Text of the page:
Creating an email pipe using cPanel on the x3 theme is a little less intuitive than expected, however, once the tool is fully undertood making use of it is very simple.
Let's start by looking at what an email pipe is first. When an email comes into the server, the mail transit agent looks up the destination address to determine how to deliver the message. A majority of messages are simply delivered to the mail folder within your account for you to view via webmail or a standalone email client such as Outlook, ThunderBird, or Mac Mail. Piping follows the exact same process up until the last step, where the mail transit agent passes the contents of the email to a script for handling via a pipe rather than simply delivering the message to a folder within the account. The syntax for a pipe is simply, "|" followed by the script that you wish to handle the data.
A sample pipe may look as follows: "| /usr/bin/php -q /home/acctname/script-to-handle-pipe.php" and I will use this pipe as an example to illustrate how to use this information to create a piped forwarder in cPanel. In this article "acctname" will represent your account name.
cPanel, as of the x3 theme, unfortunately does not follow the standard syntax for pipe creation which can be confusing, especially for one not experienced with this feature. We'll first start by getting you to the Forwarders section of cPanel.
Accessing the "Forwarders" feature in your cPanel Account
- Log in to your cPanel. (How do I log into my cPanel?)
- On the left side of your Control Panel you will see a "Find" box which can make finding the utility you need to use very easy. You can simply type "Forwarders" into this box or you can browse to the "Mail" group and find the "Forwarders" feature.
- Once in the "Forwarders" section of cPanel you will see a list of the forwarders that you have already created and will have the option to add new forwarders as well.
Creating an Email Pipe via the "Forwarders" feature in your cPanel Account
- In the "Forwarders" section of your cPanel from step 3 above, click "Add Forwarder".
- Enter the email address that you wish to have piped and choose the pertinent domain. For example I am using "email@example.com" as seen here.
- Click "Advanced Options »" to view the option to create an email pipe instead of a standard forwarder.
- Select the second option "Pipe to a Program:".
cPanel chooses to handle creating the pipe for you and simply needs to know which script you would like the data handed to. Using the original example "| /usr/bin/php -q /home/acctname/script-to-handle-pipe.php" from above, we will show you how to create the appropriate pipe.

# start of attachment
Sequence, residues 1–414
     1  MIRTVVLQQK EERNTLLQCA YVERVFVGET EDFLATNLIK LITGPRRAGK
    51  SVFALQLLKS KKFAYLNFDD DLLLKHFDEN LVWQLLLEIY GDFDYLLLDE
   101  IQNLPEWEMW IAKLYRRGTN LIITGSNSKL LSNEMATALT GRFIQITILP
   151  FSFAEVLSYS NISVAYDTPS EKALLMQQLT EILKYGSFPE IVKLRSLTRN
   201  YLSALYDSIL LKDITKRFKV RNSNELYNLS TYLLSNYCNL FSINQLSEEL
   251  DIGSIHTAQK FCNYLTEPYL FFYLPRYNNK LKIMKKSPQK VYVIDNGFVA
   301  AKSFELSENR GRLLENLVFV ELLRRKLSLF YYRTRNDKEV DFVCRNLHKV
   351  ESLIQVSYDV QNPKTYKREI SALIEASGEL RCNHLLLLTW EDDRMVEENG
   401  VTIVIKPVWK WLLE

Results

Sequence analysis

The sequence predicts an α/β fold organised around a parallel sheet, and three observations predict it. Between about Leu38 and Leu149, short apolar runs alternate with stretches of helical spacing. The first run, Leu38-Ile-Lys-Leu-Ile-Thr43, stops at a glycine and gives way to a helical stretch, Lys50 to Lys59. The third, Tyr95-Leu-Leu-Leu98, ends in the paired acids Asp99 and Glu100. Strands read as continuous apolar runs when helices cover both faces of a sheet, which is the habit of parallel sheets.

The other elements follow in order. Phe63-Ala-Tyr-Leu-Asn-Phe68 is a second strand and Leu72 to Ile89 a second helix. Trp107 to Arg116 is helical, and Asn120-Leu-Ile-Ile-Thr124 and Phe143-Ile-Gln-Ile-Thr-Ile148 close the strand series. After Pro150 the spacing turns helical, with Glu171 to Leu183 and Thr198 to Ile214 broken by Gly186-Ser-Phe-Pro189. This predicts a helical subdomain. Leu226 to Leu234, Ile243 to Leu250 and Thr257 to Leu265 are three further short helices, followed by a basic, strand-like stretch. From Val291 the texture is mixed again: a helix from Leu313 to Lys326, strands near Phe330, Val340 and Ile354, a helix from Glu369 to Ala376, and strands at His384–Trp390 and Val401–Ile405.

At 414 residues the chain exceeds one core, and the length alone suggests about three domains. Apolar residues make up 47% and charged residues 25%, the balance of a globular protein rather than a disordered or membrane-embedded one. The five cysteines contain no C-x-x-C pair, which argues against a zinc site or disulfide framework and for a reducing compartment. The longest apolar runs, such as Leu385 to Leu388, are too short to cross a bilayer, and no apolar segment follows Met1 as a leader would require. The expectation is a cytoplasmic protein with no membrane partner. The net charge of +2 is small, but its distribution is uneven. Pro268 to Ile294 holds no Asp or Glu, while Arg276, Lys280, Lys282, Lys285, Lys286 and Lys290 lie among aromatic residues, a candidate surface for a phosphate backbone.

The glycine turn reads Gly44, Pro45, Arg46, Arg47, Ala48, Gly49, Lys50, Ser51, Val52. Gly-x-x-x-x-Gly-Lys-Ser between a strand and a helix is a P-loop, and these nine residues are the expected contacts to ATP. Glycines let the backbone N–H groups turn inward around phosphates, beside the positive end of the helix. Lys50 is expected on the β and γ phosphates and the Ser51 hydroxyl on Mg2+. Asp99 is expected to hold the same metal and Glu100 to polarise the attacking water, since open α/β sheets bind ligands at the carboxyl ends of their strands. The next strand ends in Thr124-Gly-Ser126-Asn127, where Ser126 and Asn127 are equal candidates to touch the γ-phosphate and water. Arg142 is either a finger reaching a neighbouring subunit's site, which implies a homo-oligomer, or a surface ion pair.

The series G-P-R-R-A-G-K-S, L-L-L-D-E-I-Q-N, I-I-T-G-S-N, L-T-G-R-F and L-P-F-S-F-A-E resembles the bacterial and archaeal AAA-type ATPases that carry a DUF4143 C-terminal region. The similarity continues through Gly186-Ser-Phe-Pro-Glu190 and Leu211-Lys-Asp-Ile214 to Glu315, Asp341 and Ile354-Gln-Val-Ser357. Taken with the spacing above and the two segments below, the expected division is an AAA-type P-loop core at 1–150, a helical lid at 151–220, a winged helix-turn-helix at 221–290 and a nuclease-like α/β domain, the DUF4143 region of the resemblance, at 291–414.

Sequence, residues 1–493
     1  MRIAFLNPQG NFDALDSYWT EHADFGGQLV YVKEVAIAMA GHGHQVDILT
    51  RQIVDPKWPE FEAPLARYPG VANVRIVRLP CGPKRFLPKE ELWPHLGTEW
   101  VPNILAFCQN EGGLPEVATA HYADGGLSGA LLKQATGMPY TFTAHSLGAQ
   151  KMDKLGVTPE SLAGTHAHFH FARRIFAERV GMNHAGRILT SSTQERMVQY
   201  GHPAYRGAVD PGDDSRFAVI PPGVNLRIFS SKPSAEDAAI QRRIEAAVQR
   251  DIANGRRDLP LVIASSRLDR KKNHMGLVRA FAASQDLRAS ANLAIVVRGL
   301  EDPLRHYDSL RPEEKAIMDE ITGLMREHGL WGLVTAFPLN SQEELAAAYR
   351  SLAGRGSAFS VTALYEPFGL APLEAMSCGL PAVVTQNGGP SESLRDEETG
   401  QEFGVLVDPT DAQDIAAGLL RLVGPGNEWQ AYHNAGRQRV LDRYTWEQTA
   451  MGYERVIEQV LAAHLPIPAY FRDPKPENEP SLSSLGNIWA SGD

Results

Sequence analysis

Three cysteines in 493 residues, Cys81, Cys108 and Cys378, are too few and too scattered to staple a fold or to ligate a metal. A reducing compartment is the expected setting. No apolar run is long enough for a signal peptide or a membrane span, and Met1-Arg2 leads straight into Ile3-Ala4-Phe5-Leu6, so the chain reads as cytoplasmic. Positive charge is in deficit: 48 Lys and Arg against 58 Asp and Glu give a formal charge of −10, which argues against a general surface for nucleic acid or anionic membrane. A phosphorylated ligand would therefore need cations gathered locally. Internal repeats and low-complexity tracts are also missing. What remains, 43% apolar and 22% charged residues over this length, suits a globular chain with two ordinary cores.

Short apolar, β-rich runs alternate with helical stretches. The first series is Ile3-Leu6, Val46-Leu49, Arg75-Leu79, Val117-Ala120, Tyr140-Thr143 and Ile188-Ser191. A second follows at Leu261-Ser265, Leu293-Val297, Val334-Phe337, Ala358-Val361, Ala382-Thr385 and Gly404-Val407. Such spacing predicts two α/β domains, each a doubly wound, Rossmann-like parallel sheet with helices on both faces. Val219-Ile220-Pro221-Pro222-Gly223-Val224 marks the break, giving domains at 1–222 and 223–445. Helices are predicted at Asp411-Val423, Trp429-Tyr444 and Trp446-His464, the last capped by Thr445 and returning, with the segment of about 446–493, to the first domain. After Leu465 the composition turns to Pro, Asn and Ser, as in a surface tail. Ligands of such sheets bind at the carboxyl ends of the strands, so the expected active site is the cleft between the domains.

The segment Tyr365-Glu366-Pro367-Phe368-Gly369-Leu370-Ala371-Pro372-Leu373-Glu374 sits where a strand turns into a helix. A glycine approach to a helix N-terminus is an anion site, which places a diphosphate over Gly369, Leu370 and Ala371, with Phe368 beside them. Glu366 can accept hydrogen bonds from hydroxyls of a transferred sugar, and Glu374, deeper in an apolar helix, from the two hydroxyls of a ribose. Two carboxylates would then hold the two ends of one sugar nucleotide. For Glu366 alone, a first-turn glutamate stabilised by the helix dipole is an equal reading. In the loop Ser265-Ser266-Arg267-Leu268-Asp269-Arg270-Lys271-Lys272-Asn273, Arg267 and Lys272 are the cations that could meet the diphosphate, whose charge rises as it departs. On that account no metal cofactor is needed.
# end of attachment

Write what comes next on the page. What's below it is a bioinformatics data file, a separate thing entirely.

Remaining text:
The script that you are going to have handle this pipe is "/home/acctname/script-to-handle-pipe.php" and cPanel only needs the information following your account name. cPanel uses a little house icon followed by a slash to represent "/home/youraccountname/" which indicates that all you need to enter into the box is the rest of the path from our example, "script-to-handle-pipe.php".
The pipe, when entered into the "Forwarders" section of your cPanel for this example would look like this.
There is one additional step that you must take, due to the way cPanel handles email pipe creation, to ensure that your pipe will work properly.
Checking and Modifying your PHP script for cPanel Piping
Due to cPanel handling the pipe creation itself, you do not have the option in the cPanel interface to specify which binary you would like to use to process your file. Fret not, as specifying which binary to use for processing your file requires only a simple one-line addition to the top of your php script. This is accomplished using what is called a "shebang".
The syntax for a shebang is simple, it's simply a pound sign and an exclamation mark followed by the binary you wish to handle the file and, for this specific example, would look like "#!/usr/bin/php -q".
Using your favorite editor or the built in cPanel File Manager you would simply open the script that you wish to pipe to, and check for a shebang. This is always going to be on the very first line, so if you do not see it - you can simply append it to the beginning of the file.
The following shebangs are valid on our servers for PHP:
For PHP 5.2.x the shebang would be "#!/usr/bin/php"
For PHP 5.3.x the shebang would be "#!/usr/bin/php53"
You may wish to pass additional options to the PHP interpreter, such as the "-q" option to suppress headers. You can see from the example in this article that we are using the "-q" option simply by appending a space followed by the option to the shebang: "#!/usr/bin/php -q"
Testing your new Piped Forwarder
After configuring a piped forwarder, it's always a good idea to test it to ensure it's working as expected. If the pipe is working properly you should not receive a return email containing an error message. Should you receive an error message, the first thing you should do is follow the steps from the above section "Checking and Modifying your PHP script for cPanel Piping".
If you've made sure that the file has a shebang and the pipe is still not working, feel free to contact our support department and we can give it a quick look. Keep in mind that your script and it's configuration is outside of our support scope so we cannot troubleshoot the issue further if it is determined the issue is with the script itself and not the forwarder or the server.